The toddler woke at 6.20am and hubby immediately bolted out of bed to go and get him, so he wouldn’t disturb me too much. He brought the toddler into bed and snuggled him in next to me for a feed, which I sleepily did. As soon as the toddler pulled away and started squeaking, hubby whipped him away from me and whisked him out of the bedroom, closing the door behind him. He popped his head around the door a short while later and said they would be back at 11:30am, but that he wanted to give me some peace to rest. If there was anything that would wake me up more than the toddler shouting, it’s the thought of having alone time at home without the toddler around. I forced myself to put my phone down , but set a realistic alarm, to make sure I got up at a reasonable time and made use of my bonus free time. I lay in until about 9am, which felt like a real luxury and extra birthday treat. I got up with a spring in my step and decided to make the most of the silence by doing today’s writing, so I felt free for the rest of the day.
I managed to get loads of writing done before the boys got home, which felt great. By the time the boys arrived at 11.30am as promised, the toddler was asleep in the buggy, so I quickly grabbed some porridge with cinnamon and flaked almonds, before getting myself ready to go out. We were meeting friends for lunch around Holland park, so it was a bit of a quick dash to get ready and hop on the tube. The toddler woke up just as we got off the tube, so he had a shorter than usual nap, which tends to be the norm at the weekends, but at least he managed a nap at all. We met our friends when we got off the tube and walked to a local pub to grab some lunch. I opted for a steak and ale pie with steamed vegetables and chips, as I already had a burger last night and much as I was tempted, I figured two days in a row would be a little excessive. The pie was amazing, I honestly can’t remember the last time I had a pie of any kind, so it made a welcome change to my usual lunches.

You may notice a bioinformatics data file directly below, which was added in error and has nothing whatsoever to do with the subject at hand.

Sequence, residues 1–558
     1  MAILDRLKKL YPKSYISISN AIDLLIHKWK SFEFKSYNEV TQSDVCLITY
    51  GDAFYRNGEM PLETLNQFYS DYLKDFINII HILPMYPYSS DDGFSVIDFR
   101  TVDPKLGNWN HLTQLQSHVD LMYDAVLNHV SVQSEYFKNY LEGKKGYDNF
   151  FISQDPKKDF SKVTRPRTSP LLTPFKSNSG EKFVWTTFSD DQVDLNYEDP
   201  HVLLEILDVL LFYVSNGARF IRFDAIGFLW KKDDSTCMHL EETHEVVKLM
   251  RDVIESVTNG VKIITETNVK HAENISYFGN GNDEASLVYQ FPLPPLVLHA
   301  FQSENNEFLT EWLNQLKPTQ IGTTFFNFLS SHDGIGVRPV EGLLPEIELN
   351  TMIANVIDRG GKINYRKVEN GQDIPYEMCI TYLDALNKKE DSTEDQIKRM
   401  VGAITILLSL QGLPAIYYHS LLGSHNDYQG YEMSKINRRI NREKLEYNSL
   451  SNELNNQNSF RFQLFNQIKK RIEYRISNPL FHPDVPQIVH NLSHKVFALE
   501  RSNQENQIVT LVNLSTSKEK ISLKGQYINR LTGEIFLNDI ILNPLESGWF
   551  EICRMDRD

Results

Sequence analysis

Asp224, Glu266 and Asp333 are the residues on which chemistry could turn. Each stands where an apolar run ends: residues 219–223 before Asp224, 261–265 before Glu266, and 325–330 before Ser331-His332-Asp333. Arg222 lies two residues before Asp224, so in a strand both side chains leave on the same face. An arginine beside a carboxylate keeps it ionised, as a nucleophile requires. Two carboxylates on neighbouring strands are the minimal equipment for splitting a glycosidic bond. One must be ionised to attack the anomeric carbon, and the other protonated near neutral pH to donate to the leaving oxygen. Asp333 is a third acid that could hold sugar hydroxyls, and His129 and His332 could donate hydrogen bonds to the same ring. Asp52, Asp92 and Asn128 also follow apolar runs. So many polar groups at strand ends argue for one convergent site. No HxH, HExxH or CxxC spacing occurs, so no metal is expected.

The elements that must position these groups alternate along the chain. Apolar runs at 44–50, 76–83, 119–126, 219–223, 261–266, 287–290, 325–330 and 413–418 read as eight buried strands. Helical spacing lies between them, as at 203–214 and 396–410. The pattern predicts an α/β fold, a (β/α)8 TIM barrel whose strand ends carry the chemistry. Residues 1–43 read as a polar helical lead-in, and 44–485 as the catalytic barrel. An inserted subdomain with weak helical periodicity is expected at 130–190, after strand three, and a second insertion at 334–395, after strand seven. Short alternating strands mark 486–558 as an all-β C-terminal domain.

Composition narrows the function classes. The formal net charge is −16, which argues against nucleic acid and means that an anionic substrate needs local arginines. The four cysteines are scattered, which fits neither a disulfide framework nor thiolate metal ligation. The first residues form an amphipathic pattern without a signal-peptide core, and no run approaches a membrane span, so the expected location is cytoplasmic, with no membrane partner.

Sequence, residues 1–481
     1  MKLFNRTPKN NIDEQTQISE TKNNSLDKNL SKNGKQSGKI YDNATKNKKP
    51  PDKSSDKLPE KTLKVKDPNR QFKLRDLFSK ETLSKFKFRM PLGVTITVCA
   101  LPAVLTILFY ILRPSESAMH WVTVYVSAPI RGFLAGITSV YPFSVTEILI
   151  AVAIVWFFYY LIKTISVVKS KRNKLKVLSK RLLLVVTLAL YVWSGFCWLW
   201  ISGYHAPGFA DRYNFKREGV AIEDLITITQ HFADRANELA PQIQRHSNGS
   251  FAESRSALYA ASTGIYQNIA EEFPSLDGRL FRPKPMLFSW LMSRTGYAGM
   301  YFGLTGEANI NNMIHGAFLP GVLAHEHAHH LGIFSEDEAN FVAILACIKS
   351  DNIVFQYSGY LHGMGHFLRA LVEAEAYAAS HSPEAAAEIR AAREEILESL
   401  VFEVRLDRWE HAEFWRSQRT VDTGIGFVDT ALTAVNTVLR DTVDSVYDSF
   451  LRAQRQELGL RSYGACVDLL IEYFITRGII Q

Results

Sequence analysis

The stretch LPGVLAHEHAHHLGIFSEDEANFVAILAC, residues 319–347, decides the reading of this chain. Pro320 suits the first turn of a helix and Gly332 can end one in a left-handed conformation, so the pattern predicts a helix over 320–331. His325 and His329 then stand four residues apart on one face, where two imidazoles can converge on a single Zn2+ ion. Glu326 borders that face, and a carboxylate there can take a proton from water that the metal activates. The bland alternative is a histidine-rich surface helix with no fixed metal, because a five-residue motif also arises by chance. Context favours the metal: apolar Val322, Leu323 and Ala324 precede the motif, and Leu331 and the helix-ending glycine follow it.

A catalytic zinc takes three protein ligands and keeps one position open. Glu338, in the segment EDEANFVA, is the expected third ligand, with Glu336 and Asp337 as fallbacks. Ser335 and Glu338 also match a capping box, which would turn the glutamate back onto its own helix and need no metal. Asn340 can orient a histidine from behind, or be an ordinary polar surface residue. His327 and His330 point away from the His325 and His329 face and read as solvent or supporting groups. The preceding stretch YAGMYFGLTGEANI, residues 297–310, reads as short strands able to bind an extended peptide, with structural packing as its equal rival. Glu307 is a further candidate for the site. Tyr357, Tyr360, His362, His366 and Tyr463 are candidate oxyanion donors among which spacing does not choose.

We were eating outside on the terrace, so the toddler had plenty of space to roam. He spent his time climbing up on the bench, leaning over the railings shouting “CHOO CHOO”, stealing chips from our friend’s plate, double dipping (ok much more than double dipping) them in ketchup and smearing it all over his face and clothes. I was wearing my new puffy jacket, so was literally having to hold the toddler back, when he tried to come at me with his tomato sauce covered hands, which he thought was a hilarious game, so he tried harder to get me.
When it started to rain, we decided to go for a walk through Holland Park and ended up at South Kensington. We decided to dash into a pub as we were tempted by the 2 for 1 offer on prosecco displayed outside. We found a high table, next to a games machine, which we figured would keep the toddler occupied, for a while at least. When we tried to order the prosecco, we were told they had run out (great). The barman also said the cocktails were 2 for 1 too, but that they were rubbish. He even came over to our table, went through the cocktail list and told us which ones were rubbish and which ones might be ok, the mention of ‘might’ was enough to put us off. In the end, we settled on a bottle of red wine between us. Meanwhile the toddler had pulled a bar stool over to the deal of no deal machine and was having a whale of a time pressing buttons and watching the flashing lights. It was a little creepy that Noel Edmund’s face was plastered all over the machine, but the toddler was having fun, so we just went with it. At one point the toddler got so over excited he even managed to topple off the stool, he was absolutely fine and just wanted to get back up again, typical.